This book is a collection of five stories, two of which are basically novellas all their own, told from the perspective of children surviving the atrocities of conflict in Africa. The author, Uwem Akpan, was born and raised in Nigeria before moving to the US and getting his MFA in creative writing. The stories lack any sensationalized sentimentality that an outsider writing on this subject may be likely to add. Instead, the situations and characters are just very frank. The brutal events are described with the same tone as the weather. Every story ends abruptly, without any crescendo leading to the tragic stopping point. It doesn’t feel like a conclusion and there is no closure.
Once I realized that every story was going to end this way I was pretty disenchanted with the book. As a reader I do not appreciate these kind of endings, it feels like a scam. Additionally, the dialogue is painful to read as many words are scrambled or in french or nonsense words that you have to skip reading in order to understand the meaning of the sentence. It’s entirely possible that this is very true to life, but it makes for arduous reading.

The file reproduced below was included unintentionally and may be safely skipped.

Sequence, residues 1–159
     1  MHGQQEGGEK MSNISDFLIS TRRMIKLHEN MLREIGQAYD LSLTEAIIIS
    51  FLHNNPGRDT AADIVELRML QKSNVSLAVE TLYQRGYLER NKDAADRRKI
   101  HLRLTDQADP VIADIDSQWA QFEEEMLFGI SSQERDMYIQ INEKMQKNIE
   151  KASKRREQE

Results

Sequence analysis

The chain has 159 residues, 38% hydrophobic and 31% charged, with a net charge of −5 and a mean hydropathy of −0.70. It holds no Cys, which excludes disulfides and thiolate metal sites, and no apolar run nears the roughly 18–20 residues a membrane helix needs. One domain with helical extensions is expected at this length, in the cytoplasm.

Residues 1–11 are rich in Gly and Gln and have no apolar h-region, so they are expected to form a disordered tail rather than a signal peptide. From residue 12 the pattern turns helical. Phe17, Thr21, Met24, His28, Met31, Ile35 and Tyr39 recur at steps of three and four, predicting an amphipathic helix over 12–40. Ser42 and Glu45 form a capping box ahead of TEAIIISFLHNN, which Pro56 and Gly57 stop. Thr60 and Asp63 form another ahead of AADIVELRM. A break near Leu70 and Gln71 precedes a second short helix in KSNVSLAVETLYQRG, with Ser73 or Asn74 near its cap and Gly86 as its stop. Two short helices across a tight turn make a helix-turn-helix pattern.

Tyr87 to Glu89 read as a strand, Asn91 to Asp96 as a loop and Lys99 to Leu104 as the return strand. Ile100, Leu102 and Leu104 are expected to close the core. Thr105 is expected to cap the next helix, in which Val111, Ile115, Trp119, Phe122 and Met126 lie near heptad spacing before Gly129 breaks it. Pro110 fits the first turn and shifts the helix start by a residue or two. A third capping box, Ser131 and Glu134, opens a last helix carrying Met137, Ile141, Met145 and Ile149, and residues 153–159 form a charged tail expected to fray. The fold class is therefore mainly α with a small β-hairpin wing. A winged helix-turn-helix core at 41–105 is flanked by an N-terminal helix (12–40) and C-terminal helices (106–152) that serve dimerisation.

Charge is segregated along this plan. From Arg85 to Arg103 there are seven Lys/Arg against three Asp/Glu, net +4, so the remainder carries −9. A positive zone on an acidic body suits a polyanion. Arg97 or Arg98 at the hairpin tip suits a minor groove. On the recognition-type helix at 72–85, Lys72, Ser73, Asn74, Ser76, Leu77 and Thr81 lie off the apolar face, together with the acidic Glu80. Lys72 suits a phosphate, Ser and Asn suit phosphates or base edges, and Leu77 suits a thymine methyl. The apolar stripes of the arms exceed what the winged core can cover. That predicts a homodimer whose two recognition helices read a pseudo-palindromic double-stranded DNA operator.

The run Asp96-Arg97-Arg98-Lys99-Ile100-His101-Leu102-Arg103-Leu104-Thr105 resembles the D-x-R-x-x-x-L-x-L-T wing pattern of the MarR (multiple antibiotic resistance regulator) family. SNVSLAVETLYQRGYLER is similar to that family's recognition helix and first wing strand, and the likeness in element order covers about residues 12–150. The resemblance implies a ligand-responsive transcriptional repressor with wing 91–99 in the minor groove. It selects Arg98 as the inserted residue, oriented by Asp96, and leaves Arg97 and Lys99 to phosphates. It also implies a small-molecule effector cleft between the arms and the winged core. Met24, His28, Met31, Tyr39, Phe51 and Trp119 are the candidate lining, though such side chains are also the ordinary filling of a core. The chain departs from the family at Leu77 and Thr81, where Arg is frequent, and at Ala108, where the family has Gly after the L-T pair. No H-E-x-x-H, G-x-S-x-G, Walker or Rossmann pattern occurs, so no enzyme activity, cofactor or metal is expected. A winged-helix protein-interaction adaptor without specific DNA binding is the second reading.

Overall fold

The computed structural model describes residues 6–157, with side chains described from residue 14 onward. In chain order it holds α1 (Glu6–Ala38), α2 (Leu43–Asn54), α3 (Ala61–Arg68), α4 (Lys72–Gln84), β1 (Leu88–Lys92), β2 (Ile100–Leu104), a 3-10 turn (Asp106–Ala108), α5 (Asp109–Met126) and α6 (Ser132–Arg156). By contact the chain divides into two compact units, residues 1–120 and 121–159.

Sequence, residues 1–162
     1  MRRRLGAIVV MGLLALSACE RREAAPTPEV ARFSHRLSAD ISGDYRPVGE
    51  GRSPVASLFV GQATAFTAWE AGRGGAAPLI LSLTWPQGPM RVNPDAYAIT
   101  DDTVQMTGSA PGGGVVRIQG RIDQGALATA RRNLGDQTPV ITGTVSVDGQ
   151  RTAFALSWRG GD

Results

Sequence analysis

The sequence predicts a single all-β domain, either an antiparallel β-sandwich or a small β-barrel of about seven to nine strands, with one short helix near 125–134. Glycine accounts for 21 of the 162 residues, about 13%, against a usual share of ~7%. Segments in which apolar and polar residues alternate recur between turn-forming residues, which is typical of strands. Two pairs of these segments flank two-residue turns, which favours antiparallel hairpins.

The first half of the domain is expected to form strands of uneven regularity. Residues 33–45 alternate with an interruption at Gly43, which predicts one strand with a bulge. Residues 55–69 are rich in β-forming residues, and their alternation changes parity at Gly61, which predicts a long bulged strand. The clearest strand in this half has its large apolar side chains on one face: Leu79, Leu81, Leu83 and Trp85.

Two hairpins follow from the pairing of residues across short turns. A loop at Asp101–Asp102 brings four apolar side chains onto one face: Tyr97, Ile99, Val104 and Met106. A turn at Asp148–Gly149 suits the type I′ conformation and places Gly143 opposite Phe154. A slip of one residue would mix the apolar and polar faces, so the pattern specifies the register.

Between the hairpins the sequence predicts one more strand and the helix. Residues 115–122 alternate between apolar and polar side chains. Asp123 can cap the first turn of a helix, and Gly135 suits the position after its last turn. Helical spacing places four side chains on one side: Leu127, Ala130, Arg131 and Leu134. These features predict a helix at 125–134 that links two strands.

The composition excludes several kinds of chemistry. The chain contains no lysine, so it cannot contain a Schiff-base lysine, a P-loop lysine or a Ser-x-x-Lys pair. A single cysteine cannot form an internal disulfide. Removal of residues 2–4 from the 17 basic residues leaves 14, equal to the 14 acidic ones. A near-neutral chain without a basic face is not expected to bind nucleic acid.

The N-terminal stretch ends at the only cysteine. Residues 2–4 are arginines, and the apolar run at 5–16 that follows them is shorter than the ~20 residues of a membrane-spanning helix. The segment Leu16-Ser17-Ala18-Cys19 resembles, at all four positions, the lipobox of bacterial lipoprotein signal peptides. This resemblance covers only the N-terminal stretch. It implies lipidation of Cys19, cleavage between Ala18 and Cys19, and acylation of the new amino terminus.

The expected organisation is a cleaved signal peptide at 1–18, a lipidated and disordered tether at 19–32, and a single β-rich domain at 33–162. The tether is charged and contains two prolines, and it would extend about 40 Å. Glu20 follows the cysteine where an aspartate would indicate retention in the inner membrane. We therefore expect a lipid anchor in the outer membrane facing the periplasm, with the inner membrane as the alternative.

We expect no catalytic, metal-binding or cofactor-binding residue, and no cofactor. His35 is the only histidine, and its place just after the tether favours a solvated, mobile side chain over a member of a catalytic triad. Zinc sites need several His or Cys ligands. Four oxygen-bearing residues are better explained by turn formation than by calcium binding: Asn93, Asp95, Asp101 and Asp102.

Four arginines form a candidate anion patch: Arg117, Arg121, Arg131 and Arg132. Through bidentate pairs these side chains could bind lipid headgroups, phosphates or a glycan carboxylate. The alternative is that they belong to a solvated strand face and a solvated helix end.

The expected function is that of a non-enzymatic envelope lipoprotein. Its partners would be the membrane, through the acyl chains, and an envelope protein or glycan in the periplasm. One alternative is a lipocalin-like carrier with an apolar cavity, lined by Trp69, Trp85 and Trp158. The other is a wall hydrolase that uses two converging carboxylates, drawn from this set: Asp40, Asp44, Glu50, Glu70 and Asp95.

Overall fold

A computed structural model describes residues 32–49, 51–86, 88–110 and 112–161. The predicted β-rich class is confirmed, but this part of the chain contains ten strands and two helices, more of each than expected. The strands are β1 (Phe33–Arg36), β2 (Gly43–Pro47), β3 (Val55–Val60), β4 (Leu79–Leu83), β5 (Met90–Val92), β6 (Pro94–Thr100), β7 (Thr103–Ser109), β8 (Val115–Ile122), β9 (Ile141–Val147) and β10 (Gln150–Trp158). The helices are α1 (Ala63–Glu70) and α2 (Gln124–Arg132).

“Luxurious Hearses” felt exceptionally arduous and was confusing as well. I actually suspect that the editor just skipped it. Being a hyper privileged American it was really hard for me to conceptualize the gravity of the religious/cultural differences that were spurring violence throughout this story. I repeatedly felt “fed up” with even reading about it, which may be exactly why I needed to read it. In many parts of the world these differences are significant and will get you killed, but to me it just seemed petty. Perhaps if I had been oppressed for my religion throughout my life, or seen murders, maybe even of those I loved, in the name of these religions I’d feel pretty differently. One’s background informs interpretation of events, yes? I’m sure I would have developed some hatred too.
Overall, this was not a light, quick, or even enjoyable read but I feel like it has definitely made me think, and to even think about the way I think. The children of “Fattening for Gabon” have been plaguing me for about a week now.